2010年01月

英会話ワンポイントレッスン10. トーク・アベニュー新宿 Talking about time

Contributed by Bruce McCutcheon

 

ONE POINT LESSON: Talking about time

Using For, Since and Ago.

 

We use for and since to answer How long...? questions. For example:

 

    • "How long have you been studying English?"
    • "For about five years."    or    "Since high school."

 

For is always followed by a 'period of time'. For example:

    • For a few days   
    • For a couple of years 
    • For six months

 

Since is always followed by a 'start time'. For example:

    • Since last week   
    • Since January   
    • Since 1996

 

We use ago to answer When...? questions. For example:

    • "When did you start studying English?"
    • "About ten years ago."

 

Note that ago is always used at the end of the sentence.

 

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英会話ワンポイントレッスン 9. トーク・アベニュー新宿 Vocabulary:ALMOST vs. MOST  

Contributed by Daniel Evans

 

ONE POINT LESSON:VOCABULARY 

ALMOST vs. MOST

People very often make mistakes when using almostAlmost basically means the same as nearly or not quite.

 Imagine this situation; my younger brother's age is 8 years and 10 months.

 We could say...

    • My younger brother is not quite 9 years old.
    • My younger brother is nearly 9 years old. 

or...

    • My younger brother is ALMOST 9 years old.

 

These sentences mean "He is close to 9 years old, but he is NOT 9 years old."

A mistake people often make is to say something like...

    • I almost eat Japanese food.

This means "I am close to eating Japanese food, but I do not eat it.

 

Of course this is wrong, we should say either...

    • MOSTLY eat Japanese food. 

or...

    • I ALMOST ALWAYS eat Japanese food.

 

SO REMEMBER:

ALMOST = NEARLY / NOT QUITE

_____________________________________________________________

MOST / MOSTLY                    = Maybe 60%~95%

ALMOST ALL, ALMOST ALWAYS, ALMOST EVERYONE, ALMOST EVERYWHERE etc.               = Maybe 90%~99%

                   

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英会話ワンポイントレッスン 8. トーク・アベニュー新宿 Vocabulary: Embarrassment vs. Shame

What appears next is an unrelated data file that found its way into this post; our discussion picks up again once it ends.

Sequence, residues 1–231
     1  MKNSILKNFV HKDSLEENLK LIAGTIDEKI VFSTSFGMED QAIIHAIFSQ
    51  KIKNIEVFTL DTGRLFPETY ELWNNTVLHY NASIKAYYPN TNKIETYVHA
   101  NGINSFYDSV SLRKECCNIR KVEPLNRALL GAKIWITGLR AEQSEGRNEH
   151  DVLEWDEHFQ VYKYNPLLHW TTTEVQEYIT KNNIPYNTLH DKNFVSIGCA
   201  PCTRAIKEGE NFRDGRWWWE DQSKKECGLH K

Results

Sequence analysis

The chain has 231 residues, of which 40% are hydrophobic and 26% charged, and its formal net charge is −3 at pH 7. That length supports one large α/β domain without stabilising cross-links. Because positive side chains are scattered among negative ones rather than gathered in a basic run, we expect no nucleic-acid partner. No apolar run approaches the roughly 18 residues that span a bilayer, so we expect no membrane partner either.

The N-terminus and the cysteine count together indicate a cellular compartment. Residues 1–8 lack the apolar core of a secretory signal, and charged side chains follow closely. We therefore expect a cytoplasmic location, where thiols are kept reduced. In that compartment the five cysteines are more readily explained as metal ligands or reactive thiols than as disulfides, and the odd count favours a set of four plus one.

Contributed by Daniel Evans

 

ONE POINT LESSON: VOCABULARY

EMBARRASSMENT vs. SHAME

Many people think these words are the same. but actually they are very different.

Embarrassment = Feeling foolish/self-conscious/shy.                                     (Usually after making a mistake, having an accident or doing something funny)

Shame = A very negative feeling or losing the respect of others, after doing something very bad/dishonorable.

 

For example:

・ The man was embarrassed when he started to give a speech, but forgot what to say.                                                                                                                                ・ The man felt great shame after being arrested for drink-driving.

 

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英会話ワンポイントレッスン 7.  トーク・アベニュー新宿 Vocabulary: Favorite & Best

Contributed by Bruce McCutcheon

 

ONE POINT LESSON: Vocabulary

Favorite & Best

Many students get a bit confused when using these words. Although their meanings are similar, they are not the same.

For example, consider these two questions:

1. Who is your favorite actor?

2. Who is the best actor?

 

A good answer might be:

"My favorite actor is Jim Carey - he's so funny! But the best actor is Jonny Depp - he can play so many different roles."

 

Your favorite actor is the one who you like the most.

The best actor is the one who many people think has the best skills.

 

Another example:

"I'm from Osaka so my favorite baseball team is the Tigers. But this year, I think the Giants have the best team."

 

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